xhazella
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So I've just got through my first half term of AS Spanish AQA and I'm reflecting on what I have learnt over half term. I'm finding the jump from GCSE to A level ridiculously hard despite classing myself as a 'languages person' (I did German and Spanish at GCSE, getting A* in both).
I'm such a stresser and so I'm already worried about the oral exam and the writing and listening at the end of this year, so I was wondering if anyone who has previously studied/ is studying Spanish A level has any tips for revision or preparation for the exams.
Do I write out phrases and learn them by heart? Do I learn vocab? Do I learn subjunctive phrases applicable to pretty much any question?? Should I be writing and learning model answers now??? I'm just worried it will get to May and I won't be ready, so any advice would be greatly appreciated!
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Nymthae
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(Original post by xhazella)
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I found the step up was massive, so don't worry, it's not uncommon. I felt things start to click into play sometime after Christmas, towards February perhaps.

The oral exam was the easiest part really in the end. Lots of people panic about it, but it will come more naturally as you go along. Do you have a language speaking assistant/speaking 1on1 sessions? If so, just make the most of those. I learnt a couple of complex grammar phrases, to make sure I definitely put them in there, but the commonly used tenses were not worth memorising. It has to be natural and flow like a conversation, and you may get asked a question expanding on something you said/related to, so you do need to treat it like a conversation, and not a scripted piece like GCSE.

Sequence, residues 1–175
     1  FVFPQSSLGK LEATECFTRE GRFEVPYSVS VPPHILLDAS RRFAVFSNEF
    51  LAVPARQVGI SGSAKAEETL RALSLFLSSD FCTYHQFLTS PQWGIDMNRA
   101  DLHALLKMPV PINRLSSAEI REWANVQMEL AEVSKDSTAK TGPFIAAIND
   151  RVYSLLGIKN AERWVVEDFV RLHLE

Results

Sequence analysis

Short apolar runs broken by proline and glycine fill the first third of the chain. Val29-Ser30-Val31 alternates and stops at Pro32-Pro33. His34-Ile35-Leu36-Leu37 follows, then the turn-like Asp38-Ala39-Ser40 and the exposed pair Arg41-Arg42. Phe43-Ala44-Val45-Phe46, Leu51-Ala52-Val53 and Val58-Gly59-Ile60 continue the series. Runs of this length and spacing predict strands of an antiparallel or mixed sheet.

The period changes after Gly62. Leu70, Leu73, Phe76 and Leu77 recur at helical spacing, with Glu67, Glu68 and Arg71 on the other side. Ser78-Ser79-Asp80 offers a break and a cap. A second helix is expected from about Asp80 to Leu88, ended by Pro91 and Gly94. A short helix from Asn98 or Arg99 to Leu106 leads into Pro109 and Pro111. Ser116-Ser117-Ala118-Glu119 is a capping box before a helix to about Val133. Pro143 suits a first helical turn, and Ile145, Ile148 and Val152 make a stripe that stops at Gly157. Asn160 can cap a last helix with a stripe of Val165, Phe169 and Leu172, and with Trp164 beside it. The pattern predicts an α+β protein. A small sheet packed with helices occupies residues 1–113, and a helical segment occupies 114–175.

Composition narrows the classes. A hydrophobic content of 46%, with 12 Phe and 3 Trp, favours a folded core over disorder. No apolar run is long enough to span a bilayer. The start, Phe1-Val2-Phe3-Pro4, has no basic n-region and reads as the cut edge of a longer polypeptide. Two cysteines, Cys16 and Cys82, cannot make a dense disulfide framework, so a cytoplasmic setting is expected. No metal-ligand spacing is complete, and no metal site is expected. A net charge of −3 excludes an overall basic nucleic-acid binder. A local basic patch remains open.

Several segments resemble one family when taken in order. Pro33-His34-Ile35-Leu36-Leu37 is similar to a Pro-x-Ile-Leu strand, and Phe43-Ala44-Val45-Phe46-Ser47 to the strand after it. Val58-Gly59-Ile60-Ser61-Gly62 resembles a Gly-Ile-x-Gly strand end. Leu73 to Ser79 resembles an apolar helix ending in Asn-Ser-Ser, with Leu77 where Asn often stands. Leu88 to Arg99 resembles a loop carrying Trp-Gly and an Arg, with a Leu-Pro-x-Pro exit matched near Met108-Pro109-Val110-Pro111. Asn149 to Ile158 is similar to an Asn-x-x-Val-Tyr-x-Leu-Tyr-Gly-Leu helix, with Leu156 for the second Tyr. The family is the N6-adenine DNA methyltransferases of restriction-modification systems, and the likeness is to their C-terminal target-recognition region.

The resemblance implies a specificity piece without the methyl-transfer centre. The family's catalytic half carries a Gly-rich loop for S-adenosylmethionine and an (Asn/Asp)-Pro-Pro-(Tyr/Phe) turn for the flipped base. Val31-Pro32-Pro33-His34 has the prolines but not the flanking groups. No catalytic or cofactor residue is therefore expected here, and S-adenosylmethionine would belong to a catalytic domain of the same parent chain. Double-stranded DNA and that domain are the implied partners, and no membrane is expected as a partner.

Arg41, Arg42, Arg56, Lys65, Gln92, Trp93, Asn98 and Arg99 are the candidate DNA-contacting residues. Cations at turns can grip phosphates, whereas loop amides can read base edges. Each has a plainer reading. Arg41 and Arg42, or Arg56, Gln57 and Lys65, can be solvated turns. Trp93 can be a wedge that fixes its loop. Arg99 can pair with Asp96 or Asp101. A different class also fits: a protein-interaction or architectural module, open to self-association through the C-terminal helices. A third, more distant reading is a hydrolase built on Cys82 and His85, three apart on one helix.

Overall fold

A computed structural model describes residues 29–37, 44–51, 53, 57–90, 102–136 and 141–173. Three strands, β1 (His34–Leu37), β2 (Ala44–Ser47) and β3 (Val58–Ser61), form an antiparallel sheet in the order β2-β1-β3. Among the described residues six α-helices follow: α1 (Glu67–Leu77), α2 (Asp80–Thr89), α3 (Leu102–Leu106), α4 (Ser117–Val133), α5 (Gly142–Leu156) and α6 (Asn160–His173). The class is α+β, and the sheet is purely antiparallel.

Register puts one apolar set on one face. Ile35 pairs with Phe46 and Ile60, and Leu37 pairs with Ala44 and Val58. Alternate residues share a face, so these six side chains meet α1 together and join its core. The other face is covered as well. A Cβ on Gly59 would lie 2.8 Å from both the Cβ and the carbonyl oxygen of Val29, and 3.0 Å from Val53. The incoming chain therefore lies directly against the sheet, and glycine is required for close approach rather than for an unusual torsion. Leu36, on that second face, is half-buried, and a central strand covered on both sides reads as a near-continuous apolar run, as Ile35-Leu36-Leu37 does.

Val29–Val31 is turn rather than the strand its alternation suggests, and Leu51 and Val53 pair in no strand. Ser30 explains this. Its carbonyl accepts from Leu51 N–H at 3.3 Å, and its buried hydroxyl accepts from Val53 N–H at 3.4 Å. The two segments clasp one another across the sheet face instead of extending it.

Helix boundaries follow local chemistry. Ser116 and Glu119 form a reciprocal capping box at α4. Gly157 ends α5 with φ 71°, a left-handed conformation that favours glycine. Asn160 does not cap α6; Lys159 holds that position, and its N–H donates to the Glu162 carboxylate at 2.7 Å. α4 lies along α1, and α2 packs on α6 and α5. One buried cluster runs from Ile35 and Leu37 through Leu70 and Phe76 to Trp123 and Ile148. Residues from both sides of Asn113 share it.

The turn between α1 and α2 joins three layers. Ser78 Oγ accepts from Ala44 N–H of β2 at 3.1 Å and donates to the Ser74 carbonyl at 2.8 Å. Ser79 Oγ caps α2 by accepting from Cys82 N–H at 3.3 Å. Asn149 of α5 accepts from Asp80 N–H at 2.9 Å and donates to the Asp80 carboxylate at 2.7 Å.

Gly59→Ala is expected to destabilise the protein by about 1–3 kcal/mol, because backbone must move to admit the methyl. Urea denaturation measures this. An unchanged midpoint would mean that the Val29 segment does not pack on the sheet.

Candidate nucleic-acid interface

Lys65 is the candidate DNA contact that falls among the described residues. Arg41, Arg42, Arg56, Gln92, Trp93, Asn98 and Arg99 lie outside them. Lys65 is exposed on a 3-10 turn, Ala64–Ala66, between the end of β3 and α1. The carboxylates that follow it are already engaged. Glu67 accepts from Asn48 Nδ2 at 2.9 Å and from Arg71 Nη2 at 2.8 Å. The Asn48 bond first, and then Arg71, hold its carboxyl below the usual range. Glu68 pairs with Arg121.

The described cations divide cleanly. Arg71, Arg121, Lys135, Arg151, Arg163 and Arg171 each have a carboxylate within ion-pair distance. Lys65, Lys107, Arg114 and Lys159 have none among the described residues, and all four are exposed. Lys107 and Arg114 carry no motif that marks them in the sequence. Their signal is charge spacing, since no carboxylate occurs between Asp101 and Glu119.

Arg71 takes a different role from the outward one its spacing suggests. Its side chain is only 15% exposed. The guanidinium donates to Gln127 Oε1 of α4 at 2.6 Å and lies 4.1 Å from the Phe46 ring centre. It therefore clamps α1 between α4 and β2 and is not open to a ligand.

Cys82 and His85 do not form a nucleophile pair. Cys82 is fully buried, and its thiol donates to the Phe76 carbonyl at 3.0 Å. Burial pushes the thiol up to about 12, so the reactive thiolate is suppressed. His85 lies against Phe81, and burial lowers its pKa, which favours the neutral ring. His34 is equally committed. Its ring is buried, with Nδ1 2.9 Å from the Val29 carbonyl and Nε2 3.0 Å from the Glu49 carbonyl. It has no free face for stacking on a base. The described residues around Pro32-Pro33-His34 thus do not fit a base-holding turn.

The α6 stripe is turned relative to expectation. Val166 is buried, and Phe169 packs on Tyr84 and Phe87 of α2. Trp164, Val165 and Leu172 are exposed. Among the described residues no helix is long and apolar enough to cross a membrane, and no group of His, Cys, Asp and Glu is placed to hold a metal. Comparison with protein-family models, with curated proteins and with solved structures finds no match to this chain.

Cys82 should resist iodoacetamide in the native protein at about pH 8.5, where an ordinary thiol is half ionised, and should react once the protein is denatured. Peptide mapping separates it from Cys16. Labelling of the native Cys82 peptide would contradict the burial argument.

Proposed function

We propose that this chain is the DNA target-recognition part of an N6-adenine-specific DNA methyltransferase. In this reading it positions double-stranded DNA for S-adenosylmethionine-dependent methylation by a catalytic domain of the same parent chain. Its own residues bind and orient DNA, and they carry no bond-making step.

I would learn vocabulary now as you're going along. Set yourself some words every week. The textbook might have a glossary of all the words used in the book/across AS, so that would serve as a good list. Your teacher might have a similar resource if the book doesn't, and at worst, use online resources/dictionaries/words you think are useful to know. Vocab will make the reading task much easier as well.

If you have a set of example questions or guide questions for your oral sessions then I used to write out answers to them, to practice the writing. I didn't memorise the answers or anything, but it did mean I had thought about my opinions and flow of what I was saying, so I could draw on it during spoken sessions. If not, i'm sure you can find old exam tasks, or just make up a scenario, because writing is all the same.

No idea about listening really, I always found it hard. I used to listen to a lot of Spanish music, which definitely helped me overall, but can't remember if it did much for my listening competence. I did watch a few films and stuff, so anything like that I believe can be useful.
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A_kris
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I do A level French and Spanish and i'm finding the jump especially difficult in Spanish. My teacher talks mostly in Spanish and is from Spain so speaks very fast. I'm hoping it will get easier; so don't worry you're not the only one who's finding the jump from GCSE difficult!
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KA1995
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I did AS Spanish (2 years ago!), I was worried about the speaking but in the end it was the easiest part, just make sure you take all the opportunities you can to converse with your teacher/aid in Spanish. Basically the more you speak it/read it, the more comfortable you will become.
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xhazella
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Thanks guys, I really hope I get the hang of it, only I'm still not comfortable now with the exam and I'm starting to worry a bit...